The suspicion that Ryan and Siedentop are working with anachronistic assumptions – derived from a sanguine 19th-century philosophy of history and progress – is deepened by their failure even to mention the current challengers in the West to liberalism and liberal democracy: the racist Republican right in America and quasi-fascist movements across Western Europe. The political landscape elsewhere, from Xi Jinping’s China to Evo Morales’s Bolivia, from Islamic State in Syria and Iraq to Thailand’s monarchy-backed military despotism, features a variety of political forms, social movements and political mobilisations, and looks further from Western liberalism than ever. Representative democracy and global capitalism were supposed to work hand in hand to usher barbarian peoples into a future of prosperity and stability, but have turned out to be deeply antagonistic to each other even in India, which Western liberal democrats had long cherished as their most diligent apprentice in the East.
A universal bellicosity confirms Santayana’s suspicion that ‘liberalism has merely cleared a field in which every soul and every corporate interest may fight with every other for domination.’ Siedentop acknowledges this reality only in his assertion that ‘we are in a competition of beliefs’ with Chinese-style capitalism and Islam, which ‘offends some of our deepest intuitions’. This is ‘a strange and disturbing moment in Western history’, but only because Europeans ‘have lost touch with their own moral intuitions’. Americans understand that ‘liberal thought is the offspring of Christianity,’ but Europeans don’t, with potentially ruinous consequences: Muslims, for instance, are ‘frequently encouraged to look forward to replacing the laws of the nation state with sharia “law”’, when secularism, ‘Europe’s noblest achievement’, ‘should be its primary contribution to the creation of a world order’.
In Democracy in Europe (2000), Siedentop endorsed pluralism – ‘a competition of values and institutions’ – as ‘the defining characteristic of European civilisation’ and proposed, optimistically, the creation of a European super-state on the federal model of the United States. The European Union is now unravelling politically and economically, and Siedentop appears to seek comfort in the identity politics of the elite – based on the hoary notion of a West shaped by Christianity – that even such guardians of laïcité as Nicolas Sarkozy have expediently embraced. Inconvenient facts such as the growth of Christian fundamentalism in America can be explained away as a ‘reaction to the threat of radical Islam’.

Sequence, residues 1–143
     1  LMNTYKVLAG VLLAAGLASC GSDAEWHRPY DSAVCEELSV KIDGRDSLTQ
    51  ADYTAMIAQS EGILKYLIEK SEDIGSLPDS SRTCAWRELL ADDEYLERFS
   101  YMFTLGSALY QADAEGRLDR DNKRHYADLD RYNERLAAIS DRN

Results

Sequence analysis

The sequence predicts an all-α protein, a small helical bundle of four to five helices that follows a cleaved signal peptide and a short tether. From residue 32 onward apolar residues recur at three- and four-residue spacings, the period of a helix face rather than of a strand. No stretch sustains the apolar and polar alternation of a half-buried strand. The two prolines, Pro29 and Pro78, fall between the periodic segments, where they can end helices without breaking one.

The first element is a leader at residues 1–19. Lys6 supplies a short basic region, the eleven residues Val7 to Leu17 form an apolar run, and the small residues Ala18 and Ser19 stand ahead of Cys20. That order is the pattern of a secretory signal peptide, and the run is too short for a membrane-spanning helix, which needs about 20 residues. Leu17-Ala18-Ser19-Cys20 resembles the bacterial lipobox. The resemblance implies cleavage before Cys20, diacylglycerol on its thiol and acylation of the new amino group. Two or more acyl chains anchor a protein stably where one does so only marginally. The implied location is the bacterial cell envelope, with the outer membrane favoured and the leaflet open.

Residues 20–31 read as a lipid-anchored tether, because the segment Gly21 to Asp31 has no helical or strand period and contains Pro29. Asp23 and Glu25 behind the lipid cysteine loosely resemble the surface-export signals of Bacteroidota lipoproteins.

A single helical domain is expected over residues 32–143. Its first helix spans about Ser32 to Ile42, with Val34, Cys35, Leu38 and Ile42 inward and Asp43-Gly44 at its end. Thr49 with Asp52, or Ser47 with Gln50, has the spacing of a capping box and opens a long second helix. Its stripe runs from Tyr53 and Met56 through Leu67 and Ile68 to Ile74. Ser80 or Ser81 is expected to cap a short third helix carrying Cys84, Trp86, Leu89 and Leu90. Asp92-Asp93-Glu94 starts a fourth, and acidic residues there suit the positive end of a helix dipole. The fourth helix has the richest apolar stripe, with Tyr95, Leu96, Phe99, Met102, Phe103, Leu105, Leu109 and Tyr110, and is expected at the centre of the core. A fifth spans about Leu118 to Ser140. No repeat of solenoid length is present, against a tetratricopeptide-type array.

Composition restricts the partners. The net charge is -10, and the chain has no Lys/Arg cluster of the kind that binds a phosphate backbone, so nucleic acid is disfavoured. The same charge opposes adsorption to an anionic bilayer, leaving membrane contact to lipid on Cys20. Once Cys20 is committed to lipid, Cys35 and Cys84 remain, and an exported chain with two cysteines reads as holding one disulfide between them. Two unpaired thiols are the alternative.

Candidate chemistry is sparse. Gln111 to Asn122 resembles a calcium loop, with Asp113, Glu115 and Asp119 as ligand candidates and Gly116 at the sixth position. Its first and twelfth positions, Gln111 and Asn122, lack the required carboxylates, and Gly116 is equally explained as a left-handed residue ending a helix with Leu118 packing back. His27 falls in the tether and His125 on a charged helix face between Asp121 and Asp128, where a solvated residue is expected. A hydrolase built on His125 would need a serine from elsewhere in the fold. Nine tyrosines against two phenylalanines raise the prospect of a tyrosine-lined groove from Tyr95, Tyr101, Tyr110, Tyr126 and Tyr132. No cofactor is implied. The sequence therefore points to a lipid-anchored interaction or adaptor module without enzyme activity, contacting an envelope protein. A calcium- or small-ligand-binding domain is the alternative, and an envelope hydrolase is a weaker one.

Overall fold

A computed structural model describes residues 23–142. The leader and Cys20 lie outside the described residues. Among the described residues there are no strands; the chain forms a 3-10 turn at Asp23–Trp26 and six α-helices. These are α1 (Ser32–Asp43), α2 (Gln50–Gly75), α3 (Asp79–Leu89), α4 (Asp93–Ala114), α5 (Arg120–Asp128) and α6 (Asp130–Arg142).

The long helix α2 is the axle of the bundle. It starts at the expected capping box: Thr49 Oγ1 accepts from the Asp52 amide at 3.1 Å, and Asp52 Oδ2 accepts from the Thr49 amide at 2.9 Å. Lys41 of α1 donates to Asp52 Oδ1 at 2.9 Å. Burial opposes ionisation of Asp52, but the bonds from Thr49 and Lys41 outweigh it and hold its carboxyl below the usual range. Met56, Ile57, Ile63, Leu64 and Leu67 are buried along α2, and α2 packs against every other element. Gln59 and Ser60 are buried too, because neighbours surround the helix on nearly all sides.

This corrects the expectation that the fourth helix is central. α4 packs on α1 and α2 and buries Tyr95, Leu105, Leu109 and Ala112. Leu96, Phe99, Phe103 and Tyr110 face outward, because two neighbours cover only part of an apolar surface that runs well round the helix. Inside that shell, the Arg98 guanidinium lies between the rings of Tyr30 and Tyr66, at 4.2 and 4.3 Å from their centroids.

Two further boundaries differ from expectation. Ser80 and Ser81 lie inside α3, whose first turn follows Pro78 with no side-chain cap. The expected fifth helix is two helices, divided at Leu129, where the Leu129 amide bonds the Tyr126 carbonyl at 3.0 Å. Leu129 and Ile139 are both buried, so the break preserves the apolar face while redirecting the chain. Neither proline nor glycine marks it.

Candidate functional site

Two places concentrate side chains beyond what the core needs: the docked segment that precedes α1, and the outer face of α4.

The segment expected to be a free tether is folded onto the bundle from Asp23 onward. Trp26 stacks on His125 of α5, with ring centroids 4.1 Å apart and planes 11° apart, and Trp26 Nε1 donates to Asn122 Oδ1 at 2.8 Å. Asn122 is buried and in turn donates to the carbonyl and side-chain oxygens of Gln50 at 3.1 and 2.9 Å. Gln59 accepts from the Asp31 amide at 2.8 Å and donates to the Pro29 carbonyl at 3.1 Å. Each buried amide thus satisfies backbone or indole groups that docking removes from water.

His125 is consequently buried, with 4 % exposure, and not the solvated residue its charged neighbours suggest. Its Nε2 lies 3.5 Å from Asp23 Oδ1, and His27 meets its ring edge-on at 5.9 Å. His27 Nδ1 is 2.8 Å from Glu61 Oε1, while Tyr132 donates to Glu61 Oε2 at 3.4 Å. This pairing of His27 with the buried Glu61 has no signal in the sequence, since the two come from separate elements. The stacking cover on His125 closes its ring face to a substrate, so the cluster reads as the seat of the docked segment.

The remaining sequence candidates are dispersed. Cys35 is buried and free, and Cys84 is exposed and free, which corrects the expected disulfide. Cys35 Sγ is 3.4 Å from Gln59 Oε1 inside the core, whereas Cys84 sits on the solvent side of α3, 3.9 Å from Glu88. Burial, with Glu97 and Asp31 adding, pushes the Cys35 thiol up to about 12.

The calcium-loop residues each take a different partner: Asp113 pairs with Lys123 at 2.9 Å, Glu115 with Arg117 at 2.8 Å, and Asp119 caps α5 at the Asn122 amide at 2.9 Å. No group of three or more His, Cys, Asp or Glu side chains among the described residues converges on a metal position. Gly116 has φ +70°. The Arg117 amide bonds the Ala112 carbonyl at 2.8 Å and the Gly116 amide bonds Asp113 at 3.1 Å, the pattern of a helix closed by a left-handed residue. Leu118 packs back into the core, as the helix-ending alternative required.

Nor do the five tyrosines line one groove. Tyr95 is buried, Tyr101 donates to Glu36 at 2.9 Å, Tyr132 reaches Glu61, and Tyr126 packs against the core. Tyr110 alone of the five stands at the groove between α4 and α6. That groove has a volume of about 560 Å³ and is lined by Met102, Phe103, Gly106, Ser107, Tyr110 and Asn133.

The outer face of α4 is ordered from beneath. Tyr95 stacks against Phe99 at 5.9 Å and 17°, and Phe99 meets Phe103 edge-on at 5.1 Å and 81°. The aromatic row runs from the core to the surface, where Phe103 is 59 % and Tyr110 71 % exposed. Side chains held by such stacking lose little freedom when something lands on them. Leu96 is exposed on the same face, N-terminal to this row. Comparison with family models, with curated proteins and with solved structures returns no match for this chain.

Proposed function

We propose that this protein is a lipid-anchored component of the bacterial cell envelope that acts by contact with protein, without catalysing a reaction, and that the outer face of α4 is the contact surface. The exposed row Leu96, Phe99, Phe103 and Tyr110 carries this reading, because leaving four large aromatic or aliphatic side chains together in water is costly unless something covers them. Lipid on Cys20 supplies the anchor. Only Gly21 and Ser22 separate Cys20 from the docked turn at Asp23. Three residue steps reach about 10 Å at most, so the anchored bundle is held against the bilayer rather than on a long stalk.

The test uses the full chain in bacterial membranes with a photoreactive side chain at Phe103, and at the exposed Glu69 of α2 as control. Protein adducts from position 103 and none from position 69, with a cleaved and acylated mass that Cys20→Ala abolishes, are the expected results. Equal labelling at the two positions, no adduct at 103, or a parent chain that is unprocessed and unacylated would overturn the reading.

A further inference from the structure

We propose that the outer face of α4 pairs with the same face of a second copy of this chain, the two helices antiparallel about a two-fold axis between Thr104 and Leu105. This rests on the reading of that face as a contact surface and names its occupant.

Convinced that ‘moral beliefs’ have given a clear overall ‘direction’ to Western history, Siedentop mentions capitalism only once in Inventing the Individual, while critics of the liberal tradition in the West – including Marx, Burckhardt, Nietzsche and Carl Schmitt – are almost completely ignored. Ryan and Fawcett offer a more capacious account of liberalism, but are just as indifferent to mankind’s many other conversations with itself, especially those held outside the West. ‘Political thought as we understand it began in Athens,’ Ryan asserts in the serenely pedagogical ‘Great Books’ style of the early 20th century; the hundreds of pages of lucid exposition that follow show no awareness of Chanakya, Mencius, Ashoka, al-Ghazali or of traditions of political thought older than Greece’s. Ryan mentions Islamic philosophy only to traduce it by dwelling on such fundamentalist agitators as Sayyid Qutb, whose shrill anti-Westernism became, after 9/11, the lens through which self-styled defenders of the liberal-democratic West like Martin Amis chose to view Islam. In this version of Western liberalism, it seems enough to posit the defence of individual liberty as the highest task of politics, and then dismiss all other political traditions as illiberal, or even fanatical.
A less emollient history of Western liberalism emerges from recent scholarship on 19th and early 20th-century Asia, where liberal ideas originating in the West were resisted, appropriated, interpreted and transformed. In Asia, notions of the autonomous individual, minimal government and the invisible hand of the market did not grow out of the Reformation or the needs of an expansionist capitalism. In India, China and Japan, the state or the national community – rather than self-motivated individuals – were expected to generate political, economic and social transformation. In the wake of Western imperialism, these societies felt obliged to replicate every process and institution that appeared to have made the West omnipotent and wealthy: secularisation; nationalism or a sense of national identity; a centralised bureaucracy and an army capable of protecting society from internal and external security challenges; a division of labour between political, social and economic realms; and popular participation in politics. But catching up with the West seemed impossible without a strong state. Liberalism seemed attractive largely because it promised to advance the urgent project of state-led modernisation.